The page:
It is an interesting time for churches in Canada. My sense is that after decades of slow decline we are at a liminal point in our trajectory. This is not a doom and gloom scenario that I see on the horizon but instead a point of reflection and change that can help the larger church move into her emerging role in a post-christian Canada.
There is much to be said about this transition and the lessons we will need to learn as we move forward but I’d like to highlight one particular area from my perspective as a church planter; the economics of church.
I tend to approach church from within the framework I was handed in the Evangelical tradition. Though I have learned greatly from the mainline perspectives in the past decade many of the concepts I see perpetuated in the church planting movement today tend to rely on the economic models that have been enjoyed in evangelicalism for the past several decades. That is, a built-in presumption of generosity that is funnelled primarily through the church. This has allowed churches to build around program-heavy, staff-resourced, facility-driven models. One study from Christianity Today in 2013 found that the average North American Evangelical church consumes 97% of all their resources on internal programming such as personnel and facility.
Today’s millennials are, in my experience, no less generous than the previous generation but there are two factors that dramatically impact their financial relationship with churches.
First, millennials do not see the church as the default recipient for their generosity. They are willing to contribute to communities they are a part of but that does not mean that their church community will be the sole beneficiary of what they may see as their spiritual, humanitarian, and civic donations. Church will be, one of many outlets for generosity. Compounding this is a built skepticism that many hold toward the church, or even charities, in general. Millennials expect a level of transparency that many churches are simply not ready to provide. A church that does not appear generous in their use of resources will probably have a tough time attracting the generosity of millennials.
Secondly, millennials are facing an economic climate over the next few decades where traditional sources of wealth creation will likely not provide the same returns. The housing market, where many boomers have considerable wealth invested, probably cannot sustain the same trajectory it has enjoyed since the 1950s. This means churches will need to survive off of generosity funded through disposable income rather than accumulated wealth.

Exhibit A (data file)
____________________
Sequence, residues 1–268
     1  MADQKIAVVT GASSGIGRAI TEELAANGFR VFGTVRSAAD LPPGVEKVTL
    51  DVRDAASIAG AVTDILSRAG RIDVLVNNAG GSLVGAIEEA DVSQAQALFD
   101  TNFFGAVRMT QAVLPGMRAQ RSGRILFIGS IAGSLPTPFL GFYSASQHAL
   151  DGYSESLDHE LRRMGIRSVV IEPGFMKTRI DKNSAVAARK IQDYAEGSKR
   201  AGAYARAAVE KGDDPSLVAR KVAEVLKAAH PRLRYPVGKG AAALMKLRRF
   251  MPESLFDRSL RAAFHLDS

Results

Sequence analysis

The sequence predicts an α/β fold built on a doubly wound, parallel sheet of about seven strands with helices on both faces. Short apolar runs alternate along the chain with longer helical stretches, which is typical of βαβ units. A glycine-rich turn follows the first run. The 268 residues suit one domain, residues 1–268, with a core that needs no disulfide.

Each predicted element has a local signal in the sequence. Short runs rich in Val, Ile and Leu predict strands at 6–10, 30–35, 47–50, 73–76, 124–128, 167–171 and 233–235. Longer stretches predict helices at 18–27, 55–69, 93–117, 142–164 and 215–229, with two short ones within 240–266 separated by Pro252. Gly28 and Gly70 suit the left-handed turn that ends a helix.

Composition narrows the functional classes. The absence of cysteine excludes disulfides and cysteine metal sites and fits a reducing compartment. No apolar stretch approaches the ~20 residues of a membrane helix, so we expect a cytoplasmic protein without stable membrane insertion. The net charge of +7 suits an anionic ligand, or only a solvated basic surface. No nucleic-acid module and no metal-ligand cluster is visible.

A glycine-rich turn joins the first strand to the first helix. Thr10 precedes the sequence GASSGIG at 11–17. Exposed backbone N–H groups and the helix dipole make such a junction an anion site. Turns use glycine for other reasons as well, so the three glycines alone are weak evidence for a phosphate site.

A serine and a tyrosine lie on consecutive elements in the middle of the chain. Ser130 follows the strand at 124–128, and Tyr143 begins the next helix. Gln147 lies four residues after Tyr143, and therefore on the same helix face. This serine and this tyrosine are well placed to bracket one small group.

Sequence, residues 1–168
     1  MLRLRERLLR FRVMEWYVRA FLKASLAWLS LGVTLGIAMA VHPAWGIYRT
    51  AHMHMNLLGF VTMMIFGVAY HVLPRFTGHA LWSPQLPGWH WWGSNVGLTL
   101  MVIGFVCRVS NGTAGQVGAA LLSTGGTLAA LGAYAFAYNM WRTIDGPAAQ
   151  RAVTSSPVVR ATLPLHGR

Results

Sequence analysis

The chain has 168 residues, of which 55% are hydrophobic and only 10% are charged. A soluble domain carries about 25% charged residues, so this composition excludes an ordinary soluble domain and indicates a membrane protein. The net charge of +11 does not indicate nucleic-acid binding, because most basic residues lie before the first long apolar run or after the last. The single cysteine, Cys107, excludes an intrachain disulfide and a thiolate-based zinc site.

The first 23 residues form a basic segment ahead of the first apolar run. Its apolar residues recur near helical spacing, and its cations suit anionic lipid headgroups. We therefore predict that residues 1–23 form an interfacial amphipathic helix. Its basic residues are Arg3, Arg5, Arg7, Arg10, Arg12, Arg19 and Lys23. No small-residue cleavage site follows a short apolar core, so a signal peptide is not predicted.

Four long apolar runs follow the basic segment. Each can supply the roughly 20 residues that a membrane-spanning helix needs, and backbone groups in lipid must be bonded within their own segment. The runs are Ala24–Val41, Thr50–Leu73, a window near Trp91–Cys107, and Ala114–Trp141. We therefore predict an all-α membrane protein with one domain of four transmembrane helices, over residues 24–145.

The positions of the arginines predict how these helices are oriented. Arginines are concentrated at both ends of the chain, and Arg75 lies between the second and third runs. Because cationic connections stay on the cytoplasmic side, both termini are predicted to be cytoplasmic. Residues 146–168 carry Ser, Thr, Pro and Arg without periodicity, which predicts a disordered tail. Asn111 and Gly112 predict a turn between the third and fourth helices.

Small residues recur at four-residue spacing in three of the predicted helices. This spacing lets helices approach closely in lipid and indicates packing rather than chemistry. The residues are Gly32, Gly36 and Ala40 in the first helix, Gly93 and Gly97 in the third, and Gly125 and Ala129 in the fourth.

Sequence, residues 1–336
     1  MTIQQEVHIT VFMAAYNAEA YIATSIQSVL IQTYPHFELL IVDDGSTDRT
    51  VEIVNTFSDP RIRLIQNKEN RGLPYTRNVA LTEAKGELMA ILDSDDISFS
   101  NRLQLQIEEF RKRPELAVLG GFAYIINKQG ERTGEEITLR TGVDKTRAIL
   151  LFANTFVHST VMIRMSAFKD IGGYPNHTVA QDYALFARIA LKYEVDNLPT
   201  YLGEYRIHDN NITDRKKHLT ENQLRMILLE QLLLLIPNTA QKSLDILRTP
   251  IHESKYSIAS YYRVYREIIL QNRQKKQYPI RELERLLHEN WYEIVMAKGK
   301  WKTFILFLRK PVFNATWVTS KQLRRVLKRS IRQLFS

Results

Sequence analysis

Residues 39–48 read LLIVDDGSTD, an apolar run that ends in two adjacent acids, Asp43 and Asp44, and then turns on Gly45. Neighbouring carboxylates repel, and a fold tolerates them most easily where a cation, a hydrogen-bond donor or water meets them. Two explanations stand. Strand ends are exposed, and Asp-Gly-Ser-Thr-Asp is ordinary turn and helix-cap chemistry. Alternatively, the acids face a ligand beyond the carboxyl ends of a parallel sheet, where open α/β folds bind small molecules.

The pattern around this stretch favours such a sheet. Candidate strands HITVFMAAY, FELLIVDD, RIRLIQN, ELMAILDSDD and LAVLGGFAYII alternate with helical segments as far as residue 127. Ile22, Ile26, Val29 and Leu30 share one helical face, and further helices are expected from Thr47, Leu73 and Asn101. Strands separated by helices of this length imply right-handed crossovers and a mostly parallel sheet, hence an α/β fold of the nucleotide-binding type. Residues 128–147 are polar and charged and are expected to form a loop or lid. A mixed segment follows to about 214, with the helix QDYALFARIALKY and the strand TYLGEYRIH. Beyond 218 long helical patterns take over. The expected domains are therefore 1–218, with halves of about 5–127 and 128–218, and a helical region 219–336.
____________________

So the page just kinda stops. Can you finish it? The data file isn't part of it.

None of this serves as a death knell–resources will still be there for churches who can adapt–it is simply part of the economic reality of church today. Churches who build from traditional expectations about giving patterns will have a tough time becoming sustainable in the long term and church planting networks would do well to not perpetuate these models by pumping in large infusions of cash early in the planting cycle.
A few suggestions:
1. Church plants will need to have long term rental plans or partnership strategies where they work with existing churches. Capital heavy facility plans are probably not realistic in this climate. One of the most compelling opportunities we have in Canada is to see churches that reach end-of-life, partner with emerging communities to provide facility resources.
2. Churches will need to focus on becoming decentralized with a community volunteer focus taking precedence over staffing. Bi-vocational models have long been employed in the church and a return is likely necessary in many cases. Churches who envision themselves as small organic communities serving less than a hundred people in a tight community can be powerful pockets of kingdom life but the resources of full-time staff may not be realistic in those environments. Plans will need to adapt accordingly. Even larger churches will need to think about shifting resources toward empowering community ministry over programmatic models that require a heavy staff presence.
3. Churches will need to have clear generosity initiatives where they model the kind of sacrificial giving that they want to teach their communities. The kind of kingdom generosity that makes church possible is no longer going to be powered by social pressure the way it has been in the past. This means that teaching–primarily through demonstration rather than talking points–will be a necessary element of our discipleship.
Eugene Peterson is fond of saying that, “The vocation of pastor has been replaced by the strategies of religious entrepreneurs with business plans.” He is on to something here. However, as I see it, what he is taking aim at is not the result of the kind of analysis I’m proposing. His critique is the result of trying to maintain the status quo in a shifting economic environment. When we can only think of doing church with the massive financial resources we have become accustomed to, we are forced to turn church into a business model designed to raise capital. When we can honestly evaluate the local economy around us and dream up sustainable models that work naturally within that context, we can get back to doing the work of ministry without having to focus on propping up our bottom line.